Hacker News chose to hide comment scores some time ago, but I still wanted to find a way to rank comments. The good news is that the API gives you a "kids" column that ranks comments in the order they should be displayed - that's how I can find what's the top comment for each post (as shown in the linked notebook).

Is that column independent of "gravity"?

I guess it incorporates gravity - it's whichever way Hacker News tells its clients to rank the comments by.

This makes a really nice introduction to BigQuery (which is to say: BigQuery is nicely discoverable, given an easy-to-understand dataset).

Is there a good way to find the story to which a comment belongs? This dataset raises the issue of recursive query (e.g. "with recursive" in SQLite or PostgreSQL, or "connect by" in Oracle). The only approach I see in BigQuery is specifying a fixed level with something scary like:

  SELECT p0.text, s.id, s.title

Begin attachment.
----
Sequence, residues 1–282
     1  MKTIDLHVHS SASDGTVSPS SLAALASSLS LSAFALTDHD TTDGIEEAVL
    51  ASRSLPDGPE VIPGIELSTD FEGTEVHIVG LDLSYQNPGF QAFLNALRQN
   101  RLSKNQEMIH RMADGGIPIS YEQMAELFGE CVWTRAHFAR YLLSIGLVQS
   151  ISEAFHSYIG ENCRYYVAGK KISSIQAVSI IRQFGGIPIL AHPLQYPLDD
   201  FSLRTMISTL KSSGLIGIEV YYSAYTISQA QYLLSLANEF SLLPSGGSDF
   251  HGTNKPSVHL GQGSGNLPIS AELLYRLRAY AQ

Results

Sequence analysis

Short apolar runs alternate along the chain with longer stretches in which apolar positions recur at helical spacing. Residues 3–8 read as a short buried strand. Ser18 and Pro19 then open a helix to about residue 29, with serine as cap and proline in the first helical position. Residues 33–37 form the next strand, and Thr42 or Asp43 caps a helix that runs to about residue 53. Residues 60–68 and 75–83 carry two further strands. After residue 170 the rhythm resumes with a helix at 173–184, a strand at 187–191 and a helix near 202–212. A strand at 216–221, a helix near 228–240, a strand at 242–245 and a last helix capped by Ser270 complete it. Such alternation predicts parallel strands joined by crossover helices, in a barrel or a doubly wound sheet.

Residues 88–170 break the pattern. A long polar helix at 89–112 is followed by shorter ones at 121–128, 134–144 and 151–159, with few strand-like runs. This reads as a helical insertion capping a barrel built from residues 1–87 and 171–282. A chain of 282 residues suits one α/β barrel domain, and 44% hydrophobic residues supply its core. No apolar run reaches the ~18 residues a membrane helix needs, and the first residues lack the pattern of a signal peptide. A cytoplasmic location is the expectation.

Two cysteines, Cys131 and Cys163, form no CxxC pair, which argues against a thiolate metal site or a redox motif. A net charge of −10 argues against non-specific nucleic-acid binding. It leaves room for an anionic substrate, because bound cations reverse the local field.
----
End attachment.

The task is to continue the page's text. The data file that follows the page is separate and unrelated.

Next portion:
[fh-bigquery:hackernews.comments] p0
  JOIN EACH [fh-bigquery:hackernews.comments] p1 ON p1.id=p0.parent
  JOIN EACH [fh-bigquery:hackernews.comments] p2 ON p2.id=p1.parent
  JOIN EACH [fh-bigquery:hackernews.comments] p3 ON p3.id=p2.parent
  JOIN EACH [fh-bigquery:hackernews.comments] p4 ON p4.id=p3.parent
  JOIN EACH [fh-bigquery:hackernews.stories] s ON s.id=p4.parent
    REGEXP_MATCH(p0.text, '(?i)bigquery')
    p0.time DESC
For this particular data set: linking each comment to its story might be a good denormalization.

You are right - I'll prepare a new release with that data.

My oversight, sorry! :)